La Jolla’s ‘Jocko’ Marcellino touches on storied music career, Sha Na Na’s Woodstock performance
Although the Woodstock Festival is considered by many to be ground zero of the 1960s counterculture, sandwiched somewhere between Janis Joplin’s caterwauling vocals and Jimi Hendrix’s searing guitar riffs, an unlikely band of Columbia University students billing themselves as Sha Na Na performed a high-energy set of 1950s revival-style rock ‘n’ roll that seemed at odds with the rest of the peace-and-love promoting bands on three-day bill.
“We were a new act. This was our eighth job and we kept getting bounced (from the roster),” recalls La Jollan John ‘Jocko’ Marcellino, Sha Na Na’s founding drummer, whose new blues CD is called “Make It Simple.”
“They were going to have Jimi (Hendrix) go on and close the festival — and Jimi said, ‘This wouldn’t be fair to the four or five acts that were waiting all weekend and didn’t get on.’ So, Monday morning, we got on stage right before Jimi.” Hendrix had reportedly seen Sha Na Na’s act at bar in Hell’s Kitchen and suggested they be invited to perform.
“He was a very sweet guy and exceedingly helpful. I think the whole thing wouldn’t have happened without his influence,” Marcellino said, noting the $350 check for Sha Na Na’s 30-minute Woodstock set bounced. The group would later sign away its rights to appear in the 1970 documentary of the festival (co-edited by then budding auteur Martin Scorsese) for just $1.
“You couldn’t buy that kind of influence, that kind of marketing for a young act,” said Marcellino, then 19 and the second youngest Woodstock performer.
Their investment paid off, launching Sha Na Na into fame as a popular touring act, opening for The Kinks, Alice Cooper and The Grateful Dead. Several then unknown artists that would go on to achieve widespread success opened for Sha Na Na, including Rush, Hall and Oats, Jay Leno and Bruce Springsteen, the latter who had just released 1973’s “Greetings from Ashbury Park, N.J.” when he embarked on a tour with Sha Na Na.
“We’d sit in with the band at the Holiday Inn bar and we’d have good time,” Marcellino recalled. “Bruce was a very accessible guy.”
Unlike some of their contemporaries, Sha Na Na were slightly less inclined to indulge in the era’s excesses. “We were teenagers in the late ’60s; then we lived the ’70s … like everybody else,” Marcellino said. “At the same time, we were Columbia guys. So, no matter what else we were doing, we’d say, ‘We’re going to get our degrees.’ … We had enough discipline to get things done.”
Marcellino went on obtain a bachelor’s degree in English from Columbia and a master’s in drama from New York University. He has appeared in TV shows such as “Veronica Mars” and “Ally McBeal” and films such as “Rainman” and “National Security.” Original member Joe Witkin, now retired, went on to work as an emergency medical physician for Sharp Grossmont Hospital in La Mesa.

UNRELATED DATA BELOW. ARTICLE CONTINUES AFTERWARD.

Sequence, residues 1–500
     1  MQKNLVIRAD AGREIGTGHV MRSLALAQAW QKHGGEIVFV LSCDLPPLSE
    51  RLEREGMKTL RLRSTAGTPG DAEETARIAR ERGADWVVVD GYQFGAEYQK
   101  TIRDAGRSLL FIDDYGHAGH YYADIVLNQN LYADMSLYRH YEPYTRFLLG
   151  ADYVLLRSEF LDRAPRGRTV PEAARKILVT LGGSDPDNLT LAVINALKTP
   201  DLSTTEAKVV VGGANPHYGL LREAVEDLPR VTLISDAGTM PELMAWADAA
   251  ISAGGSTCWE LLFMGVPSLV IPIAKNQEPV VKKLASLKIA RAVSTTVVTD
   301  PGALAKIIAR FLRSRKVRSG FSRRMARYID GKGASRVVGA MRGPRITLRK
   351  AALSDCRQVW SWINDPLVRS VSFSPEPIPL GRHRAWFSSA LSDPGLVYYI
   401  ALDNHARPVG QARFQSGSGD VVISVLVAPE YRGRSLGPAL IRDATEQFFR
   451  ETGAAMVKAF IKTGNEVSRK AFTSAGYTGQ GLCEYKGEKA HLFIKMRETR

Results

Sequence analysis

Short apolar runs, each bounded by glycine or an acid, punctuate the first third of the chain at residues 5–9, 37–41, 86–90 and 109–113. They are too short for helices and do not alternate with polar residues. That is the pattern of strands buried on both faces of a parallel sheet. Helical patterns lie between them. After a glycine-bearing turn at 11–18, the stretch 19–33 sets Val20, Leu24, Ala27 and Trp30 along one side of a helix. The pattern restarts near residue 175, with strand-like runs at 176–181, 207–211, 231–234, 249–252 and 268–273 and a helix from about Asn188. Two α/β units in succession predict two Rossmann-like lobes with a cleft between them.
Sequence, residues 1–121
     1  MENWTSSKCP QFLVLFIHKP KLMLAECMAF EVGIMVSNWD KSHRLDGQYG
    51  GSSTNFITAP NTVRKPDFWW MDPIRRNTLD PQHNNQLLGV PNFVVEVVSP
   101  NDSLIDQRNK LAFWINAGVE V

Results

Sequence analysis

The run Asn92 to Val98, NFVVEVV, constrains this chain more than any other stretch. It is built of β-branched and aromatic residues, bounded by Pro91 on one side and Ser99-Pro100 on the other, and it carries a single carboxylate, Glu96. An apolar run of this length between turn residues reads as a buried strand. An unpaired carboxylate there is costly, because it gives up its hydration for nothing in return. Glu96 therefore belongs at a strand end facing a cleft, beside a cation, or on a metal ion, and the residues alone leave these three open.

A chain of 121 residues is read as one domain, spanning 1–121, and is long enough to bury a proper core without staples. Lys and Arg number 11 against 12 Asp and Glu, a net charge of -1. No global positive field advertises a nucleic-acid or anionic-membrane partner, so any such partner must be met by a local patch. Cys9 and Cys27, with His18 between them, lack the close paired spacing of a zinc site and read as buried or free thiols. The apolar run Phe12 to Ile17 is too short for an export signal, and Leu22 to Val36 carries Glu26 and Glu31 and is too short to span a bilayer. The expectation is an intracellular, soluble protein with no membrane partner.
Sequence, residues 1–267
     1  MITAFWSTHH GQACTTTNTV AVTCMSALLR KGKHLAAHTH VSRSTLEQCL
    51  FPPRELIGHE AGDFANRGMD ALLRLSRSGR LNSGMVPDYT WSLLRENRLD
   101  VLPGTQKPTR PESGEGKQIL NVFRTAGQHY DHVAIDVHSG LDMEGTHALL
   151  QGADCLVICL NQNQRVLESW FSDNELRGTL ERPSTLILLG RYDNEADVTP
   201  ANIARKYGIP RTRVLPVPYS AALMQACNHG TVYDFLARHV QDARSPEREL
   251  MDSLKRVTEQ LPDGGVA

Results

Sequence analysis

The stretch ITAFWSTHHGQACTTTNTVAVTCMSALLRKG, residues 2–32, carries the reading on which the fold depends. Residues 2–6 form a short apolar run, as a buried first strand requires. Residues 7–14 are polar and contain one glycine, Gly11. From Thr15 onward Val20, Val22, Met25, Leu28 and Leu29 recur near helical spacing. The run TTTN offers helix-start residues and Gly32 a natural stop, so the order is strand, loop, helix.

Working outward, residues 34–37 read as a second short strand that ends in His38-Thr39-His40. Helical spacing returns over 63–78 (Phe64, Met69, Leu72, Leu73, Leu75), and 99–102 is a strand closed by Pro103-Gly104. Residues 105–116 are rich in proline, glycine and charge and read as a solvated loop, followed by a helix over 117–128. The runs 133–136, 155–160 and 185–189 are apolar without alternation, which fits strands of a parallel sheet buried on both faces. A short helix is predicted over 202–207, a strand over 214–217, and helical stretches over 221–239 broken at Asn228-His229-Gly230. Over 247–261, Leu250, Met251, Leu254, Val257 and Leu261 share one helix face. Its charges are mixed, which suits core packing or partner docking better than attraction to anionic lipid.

Sha Na Na’s fame — credited with spurring a ’50s nostalgia craze that spanned the 1970s — landed them a role in the 1978 film, “Grease,” in which they performed as Johnny Casino and the Gamblers, contributing six songs to the soundtrack.
Two years ago, during an annual Grease celebrity sing-a-long at the Hollywood Bowl, Marcellino performed the Little Richard classic, “Lucile,” with Foo Fighters frontman Dave Grohl filling in on drums (Grohl is married to Marcellino’s niece).
Sha Na Na had been playing a steady stream of festivals and college gigs in the U.S. and Europe and were ready to call it quits when they were approached by Procter & Gamble to do their own TV variety show.
“They had approached the Beach Boys and Chicago, but they all couldn’t do it, or didn’t want to do it,” Marcellino recalled. “It was really good for us, because we were a group with actors and musicians and singers and dancers and we definitely had a theme going on, so it really worked.”
The internationally syndicated show ran from 1977-’81, and included musical guests such as Ronnie Spector (of the Ronettes), Cherie Currie (of the Runaways), James Brown and the Ramones, a then up-and-coming punk band also reviving 1950s music, albeit in a louder, faster way. “We were akin to what they were doing and vice versa,” Marcellino said of the Ramones, with whom Sha Na Na performed a skit in gaudy Laverne DeFazio-style drag called “Greasers Feud.”
No matter how unlikely the pairing of acts on a bill they were playing, Marcellino said it was all rock ‘n’ roll at the core. “We always do ‘Jailhouse Rock,’ ‘Hound Dog’ and ‘Rock ‘n’ Roll is Here to Stay,’ ” he said. “It’s sort of a bulletproof act, because if you delivered it with good, tight harmonies and good rockin’ instrumentals, and stage it and choreograph it, we always scored with it. We never really had a problem. … The musicians got it right away. They know they go back to the blues and the blues goes back to the rhythm and blues and rock ‘n’ roll.”
Like his music with Sha Na Na, Marcellino says his new CD of Delta blues and smoky rhythm and blues, featuring local blues greats Robin Henkel on guitar and Billy Watson on harmonica, is not overly complex, though “it’s music you gotta get right.
“You gotta get the feeling right, you gotta get the groove right,” he said. “It’s almost mesmerizing in its repetition.”
Also appearing on “Make It Simple” are bassist Will Lee of the “Late Show with David Letterman,” Steely Dan session guitarist Elliott Randall and bassist Gordon Edwards (James Brown, Etta James). Marcellino frequently performs at Tio Leo’s and Proud Mary’s Southern Bar & Grill (proudmaryssd.com), where he held a CD release party for “Keep It Simple” this week. He resides in La Jolla with his wife, Nicki Marcellino, regional vice president of Berkshire Hathaway HomeServices California Properties on Prospect Street.
Jocko Marcellino’s new CD, ‘Make It Simple,’ can be purchased at iTunes or amazon.com